Kajeet, the only wireless solution provider dedicated to kids and education, is bridging the digital divide in school districts across the country. Kajeet provides a safe, affordable, mobile broadband solution that connects disadvantaged students to the resources they need to complete required assignments and projects outside of school. The Kajeet SmartSpot solution, a portable Wi-Fi hotspot combined with the innovative Sentinel® cloud portal, enables administrators and teachers to provide CIPA-compliant, customizable filtered Internet access that keeps students focused on school work and provides off-campus Internet connectivity without worry of data abuse. The Kajeet service platform, which operates on both the Sprint and Verizon network, is protected by the following patents 8,774,755; 8,774,754; 8,755,768; 8,731,517; 8,725,109; 8,712,371; 8,706,079; 8,667,559; 8,644,796; 8,639,216; 8,634,803; 8,634,802; 8,634,801; 8,630,612; 8,611,885; 8,600,348; 8,594,619; 8,588,735; 8,285,249; 8,078,140; 7,945,238; 7,899,438; 7,881,697. Other patents are pending.For more information, please visit us at 
About Project Tomorrow
Project Tomorrow®, the national education nonprofit organization dedicated to empowering student voices in education discussions, designed and implemented this program evaluation for Kajeet for Education.  Project Tomorrow has 17 years of experience in the K-12 and higher education sector and regularly provides consulting and research support to school districts, government agencies, business and higher education institutions about key trends and research in science, math and technology education.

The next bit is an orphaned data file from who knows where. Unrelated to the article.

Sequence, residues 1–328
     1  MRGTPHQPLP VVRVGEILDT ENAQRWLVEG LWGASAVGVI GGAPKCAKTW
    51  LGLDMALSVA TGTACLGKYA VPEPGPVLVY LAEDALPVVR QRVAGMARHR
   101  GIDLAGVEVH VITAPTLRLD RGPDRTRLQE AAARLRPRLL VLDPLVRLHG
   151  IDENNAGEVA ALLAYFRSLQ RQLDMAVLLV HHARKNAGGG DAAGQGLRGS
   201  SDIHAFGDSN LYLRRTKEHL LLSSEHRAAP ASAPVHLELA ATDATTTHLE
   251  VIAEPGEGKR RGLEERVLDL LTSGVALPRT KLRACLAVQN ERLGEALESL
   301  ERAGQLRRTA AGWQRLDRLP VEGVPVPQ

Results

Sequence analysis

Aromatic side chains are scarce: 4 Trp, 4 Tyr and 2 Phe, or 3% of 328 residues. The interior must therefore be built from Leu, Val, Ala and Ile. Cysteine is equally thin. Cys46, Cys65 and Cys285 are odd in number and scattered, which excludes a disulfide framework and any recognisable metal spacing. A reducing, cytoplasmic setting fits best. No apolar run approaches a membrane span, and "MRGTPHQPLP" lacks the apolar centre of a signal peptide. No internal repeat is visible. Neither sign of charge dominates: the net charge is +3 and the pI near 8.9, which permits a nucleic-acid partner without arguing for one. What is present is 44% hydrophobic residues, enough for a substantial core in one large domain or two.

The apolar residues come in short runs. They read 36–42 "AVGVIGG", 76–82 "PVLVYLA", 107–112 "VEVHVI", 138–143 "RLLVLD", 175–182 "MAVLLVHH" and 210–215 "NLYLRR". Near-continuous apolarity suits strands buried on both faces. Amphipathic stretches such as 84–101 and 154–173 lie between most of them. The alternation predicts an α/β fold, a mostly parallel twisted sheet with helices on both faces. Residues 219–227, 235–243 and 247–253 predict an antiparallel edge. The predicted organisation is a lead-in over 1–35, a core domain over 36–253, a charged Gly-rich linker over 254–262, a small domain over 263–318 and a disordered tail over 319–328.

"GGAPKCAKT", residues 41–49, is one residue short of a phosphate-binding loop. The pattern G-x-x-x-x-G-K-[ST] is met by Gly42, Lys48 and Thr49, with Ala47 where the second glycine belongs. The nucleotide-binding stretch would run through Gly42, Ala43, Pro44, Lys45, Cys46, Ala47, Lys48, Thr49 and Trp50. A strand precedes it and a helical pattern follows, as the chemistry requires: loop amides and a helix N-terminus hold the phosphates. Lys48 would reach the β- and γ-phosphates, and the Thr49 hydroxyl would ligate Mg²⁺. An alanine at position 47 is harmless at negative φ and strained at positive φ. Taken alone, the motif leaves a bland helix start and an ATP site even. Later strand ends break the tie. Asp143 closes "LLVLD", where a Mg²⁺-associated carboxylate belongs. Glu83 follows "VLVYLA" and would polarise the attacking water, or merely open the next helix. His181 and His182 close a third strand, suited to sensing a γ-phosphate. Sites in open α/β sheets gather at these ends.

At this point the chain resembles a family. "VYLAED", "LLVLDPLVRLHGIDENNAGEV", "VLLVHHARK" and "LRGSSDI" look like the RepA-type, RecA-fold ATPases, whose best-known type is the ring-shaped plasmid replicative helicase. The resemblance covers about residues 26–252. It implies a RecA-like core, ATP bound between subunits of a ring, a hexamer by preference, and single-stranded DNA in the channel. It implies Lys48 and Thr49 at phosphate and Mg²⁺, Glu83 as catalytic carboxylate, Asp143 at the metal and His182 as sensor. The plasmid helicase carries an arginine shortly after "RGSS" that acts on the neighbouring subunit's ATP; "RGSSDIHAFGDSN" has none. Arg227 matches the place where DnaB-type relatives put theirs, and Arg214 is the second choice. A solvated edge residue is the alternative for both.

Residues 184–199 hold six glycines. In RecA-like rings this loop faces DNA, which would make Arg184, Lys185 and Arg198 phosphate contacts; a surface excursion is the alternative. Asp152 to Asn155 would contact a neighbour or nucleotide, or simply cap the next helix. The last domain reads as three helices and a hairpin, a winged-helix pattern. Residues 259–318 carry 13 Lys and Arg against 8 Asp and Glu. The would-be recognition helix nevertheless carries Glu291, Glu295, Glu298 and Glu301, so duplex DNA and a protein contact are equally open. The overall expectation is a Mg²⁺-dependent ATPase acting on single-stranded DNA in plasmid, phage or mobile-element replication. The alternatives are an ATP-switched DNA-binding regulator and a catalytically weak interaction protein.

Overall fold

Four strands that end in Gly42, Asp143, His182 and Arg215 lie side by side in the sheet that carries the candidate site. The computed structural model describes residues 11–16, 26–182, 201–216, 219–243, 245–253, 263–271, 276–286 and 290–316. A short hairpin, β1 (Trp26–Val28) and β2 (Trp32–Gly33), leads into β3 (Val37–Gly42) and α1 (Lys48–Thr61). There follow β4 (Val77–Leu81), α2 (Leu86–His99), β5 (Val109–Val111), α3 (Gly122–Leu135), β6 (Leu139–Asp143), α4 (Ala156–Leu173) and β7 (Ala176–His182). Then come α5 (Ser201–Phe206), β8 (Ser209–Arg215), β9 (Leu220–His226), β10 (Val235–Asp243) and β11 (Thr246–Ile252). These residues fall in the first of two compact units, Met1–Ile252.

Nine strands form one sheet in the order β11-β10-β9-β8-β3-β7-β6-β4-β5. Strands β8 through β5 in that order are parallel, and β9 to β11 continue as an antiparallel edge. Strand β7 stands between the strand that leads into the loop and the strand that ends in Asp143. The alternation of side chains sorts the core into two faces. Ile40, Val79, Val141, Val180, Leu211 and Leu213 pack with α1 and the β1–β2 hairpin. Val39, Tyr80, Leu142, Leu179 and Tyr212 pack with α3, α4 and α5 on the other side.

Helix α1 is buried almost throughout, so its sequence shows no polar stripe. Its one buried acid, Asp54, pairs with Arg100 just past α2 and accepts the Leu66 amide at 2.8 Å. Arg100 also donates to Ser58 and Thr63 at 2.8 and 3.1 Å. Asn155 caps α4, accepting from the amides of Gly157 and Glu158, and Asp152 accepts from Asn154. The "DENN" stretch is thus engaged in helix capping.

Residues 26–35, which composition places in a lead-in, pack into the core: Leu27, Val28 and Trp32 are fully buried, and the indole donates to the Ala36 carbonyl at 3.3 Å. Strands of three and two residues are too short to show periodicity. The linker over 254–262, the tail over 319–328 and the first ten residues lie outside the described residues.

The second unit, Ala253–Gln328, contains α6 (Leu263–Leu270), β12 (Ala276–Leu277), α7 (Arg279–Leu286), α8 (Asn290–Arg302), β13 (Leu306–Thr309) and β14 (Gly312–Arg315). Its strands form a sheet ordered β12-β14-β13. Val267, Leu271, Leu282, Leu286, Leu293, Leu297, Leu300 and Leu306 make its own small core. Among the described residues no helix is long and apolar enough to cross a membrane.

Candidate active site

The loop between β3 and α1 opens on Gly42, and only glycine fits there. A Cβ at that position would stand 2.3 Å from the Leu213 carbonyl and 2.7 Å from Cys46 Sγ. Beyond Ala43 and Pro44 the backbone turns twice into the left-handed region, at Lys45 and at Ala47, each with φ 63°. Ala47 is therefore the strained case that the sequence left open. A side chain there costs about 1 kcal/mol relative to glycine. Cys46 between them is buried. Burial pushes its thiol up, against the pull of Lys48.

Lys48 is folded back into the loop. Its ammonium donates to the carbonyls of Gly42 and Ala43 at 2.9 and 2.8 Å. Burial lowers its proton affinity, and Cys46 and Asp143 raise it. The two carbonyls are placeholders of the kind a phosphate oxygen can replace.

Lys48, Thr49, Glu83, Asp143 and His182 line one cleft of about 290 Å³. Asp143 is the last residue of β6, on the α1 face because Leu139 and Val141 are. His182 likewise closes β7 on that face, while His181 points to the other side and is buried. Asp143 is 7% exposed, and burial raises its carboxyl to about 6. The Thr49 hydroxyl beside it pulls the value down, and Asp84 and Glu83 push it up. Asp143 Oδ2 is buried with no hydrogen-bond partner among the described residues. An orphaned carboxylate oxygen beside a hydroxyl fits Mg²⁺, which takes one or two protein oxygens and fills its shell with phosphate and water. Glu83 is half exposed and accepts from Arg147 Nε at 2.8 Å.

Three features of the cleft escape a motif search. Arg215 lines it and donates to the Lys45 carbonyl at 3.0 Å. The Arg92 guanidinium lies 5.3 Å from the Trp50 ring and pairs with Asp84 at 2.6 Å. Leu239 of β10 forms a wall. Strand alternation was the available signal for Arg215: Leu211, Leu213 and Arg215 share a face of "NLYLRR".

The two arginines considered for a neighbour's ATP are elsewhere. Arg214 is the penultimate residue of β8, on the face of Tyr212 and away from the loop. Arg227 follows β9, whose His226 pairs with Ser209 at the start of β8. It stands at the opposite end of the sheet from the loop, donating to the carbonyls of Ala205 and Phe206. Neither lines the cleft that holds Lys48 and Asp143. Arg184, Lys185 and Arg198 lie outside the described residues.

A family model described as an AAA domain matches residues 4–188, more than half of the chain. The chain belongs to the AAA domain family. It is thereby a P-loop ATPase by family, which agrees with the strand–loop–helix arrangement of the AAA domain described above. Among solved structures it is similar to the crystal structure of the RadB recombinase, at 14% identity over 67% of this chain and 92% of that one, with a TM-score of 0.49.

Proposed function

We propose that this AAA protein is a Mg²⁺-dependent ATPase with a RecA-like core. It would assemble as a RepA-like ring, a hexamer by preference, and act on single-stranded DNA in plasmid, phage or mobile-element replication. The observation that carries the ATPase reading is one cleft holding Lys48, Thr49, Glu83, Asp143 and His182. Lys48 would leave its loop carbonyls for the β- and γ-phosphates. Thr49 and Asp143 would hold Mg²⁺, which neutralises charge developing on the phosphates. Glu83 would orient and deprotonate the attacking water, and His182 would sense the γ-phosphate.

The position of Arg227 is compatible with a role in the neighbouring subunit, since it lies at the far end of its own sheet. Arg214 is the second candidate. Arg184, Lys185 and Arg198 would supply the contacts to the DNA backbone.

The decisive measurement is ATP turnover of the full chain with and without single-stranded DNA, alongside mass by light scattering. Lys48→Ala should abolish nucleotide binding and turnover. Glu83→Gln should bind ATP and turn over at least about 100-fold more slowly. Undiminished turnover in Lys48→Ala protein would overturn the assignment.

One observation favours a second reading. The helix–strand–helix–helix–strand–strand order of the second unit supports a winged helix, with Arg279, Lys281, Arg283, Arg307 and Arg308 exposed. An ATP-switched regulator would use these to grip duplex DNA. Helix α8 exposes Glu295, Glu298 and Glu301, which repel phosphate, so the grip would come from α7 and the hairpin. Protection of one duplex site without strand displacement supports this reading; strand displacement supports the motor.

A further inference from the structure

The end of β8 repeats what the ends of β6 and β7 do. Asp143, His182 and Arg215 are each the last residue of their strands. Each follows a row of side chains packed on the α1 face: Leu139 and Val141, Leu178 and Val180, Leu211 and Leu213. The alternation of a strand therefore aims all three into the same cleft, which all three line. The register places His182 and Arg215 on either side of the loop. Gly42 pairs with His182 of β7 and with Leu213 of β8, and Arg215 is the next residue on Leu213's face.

Press release: North Carolina Educators Get Support for Digital Transition

For Immediate Release:
January 21, 2015
Download PDF of Press Release 
Blythe Tyrone,
Amber Taylor

Professional Development Model Being Implemented to Support State’s Schools

Raleigh, N.C. — On Jan. 8 and 9, over 50 instructional technologists and coaches, mentor teachers, and media coordinators came together at the Friday Institute for Educational Innovation for the first event of the yearlong North Carolina Digital Leaders Coaches Network (DLCN): Building Change Agents in Education program.
The Friday Institute has collaborated with Project Tomorrow, a national education nonprofit organization, and North Carolina Technology in Education Society (NCTIES) to develop the DLCN to assist schools and districts in the process of digital learning transitions, and to cultivate local capacity by providing support to those in coaching roles, as coaches are essential to leading and supporting student-centered digital learning and teaching.
“Project Tomorrow is partnering with the Friday Institute to extend what we learned from our National Science Foundation funded Teachers’ Readiness to Adopt and Adapt Digital Content grant to more education leaders in North Carolina,” said Julie Evans, CEO of Project Tomorrow. “This research demonstrates the importance and value of instructional coaches to help teachers leverage technology effectively to enhance student learning experiences.”